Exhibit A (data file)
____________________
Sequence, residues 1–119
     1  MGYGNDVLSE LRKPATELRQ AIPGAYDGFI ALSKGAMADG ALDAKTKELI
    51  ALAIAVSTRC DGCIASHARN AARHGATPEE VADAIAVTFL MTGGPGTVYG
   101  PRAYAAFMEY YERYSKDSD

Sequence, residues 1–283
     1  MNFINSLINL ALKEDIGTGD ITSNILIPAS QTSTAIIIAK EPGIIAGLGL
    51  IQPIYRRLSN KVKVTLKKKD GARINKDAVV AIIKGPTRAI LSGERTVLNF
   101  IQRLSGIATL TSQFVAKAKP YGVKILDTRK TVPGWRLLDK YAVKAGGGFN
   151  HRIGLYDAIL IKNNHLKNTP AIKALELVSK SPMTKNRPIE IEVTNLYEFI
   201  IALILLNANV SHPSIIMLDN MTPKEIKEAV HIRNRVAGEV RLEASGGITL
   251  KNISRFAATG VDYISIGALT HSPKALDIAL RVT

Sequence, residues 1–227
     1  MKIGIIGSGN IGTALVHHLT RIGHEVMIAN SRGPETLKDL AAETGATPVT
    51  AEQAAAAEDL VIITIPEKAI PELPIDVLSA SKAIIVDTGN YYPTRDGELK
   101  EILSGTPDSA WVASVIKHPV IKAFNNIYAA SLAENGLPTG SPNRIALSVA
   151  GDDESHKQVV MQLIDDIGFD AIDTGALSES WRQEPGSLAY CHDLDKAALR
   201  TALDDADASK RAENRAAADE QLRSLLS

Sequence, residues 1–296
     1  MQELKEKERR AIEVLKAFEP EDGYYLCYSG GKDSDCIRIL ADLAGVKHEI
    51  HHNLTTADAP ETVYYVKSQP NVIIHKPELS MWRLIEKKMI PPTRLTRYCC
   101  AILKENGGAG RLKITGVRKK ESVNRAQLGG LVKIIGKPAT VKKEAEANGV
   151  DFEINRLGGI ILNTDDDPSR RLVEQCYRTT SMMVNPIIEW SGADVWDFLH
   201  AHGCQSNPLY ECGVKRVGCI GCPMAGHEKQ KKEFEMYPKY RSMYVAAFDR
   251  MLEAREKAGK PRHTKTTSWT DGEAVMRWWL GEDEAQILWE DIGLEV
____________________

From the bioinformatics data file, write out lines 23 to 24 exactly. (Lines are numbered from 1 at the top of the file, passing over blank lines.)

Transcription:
   201  AHGCQSNPLY ECGVKRVGCI GCPMAGHEKQ KKEFEMYPKY RSMYVAAFDR
   251  MLEAREKAGK PRHTKTTSWT DGEAVMRWWL GEDEAQILWE DIGLEV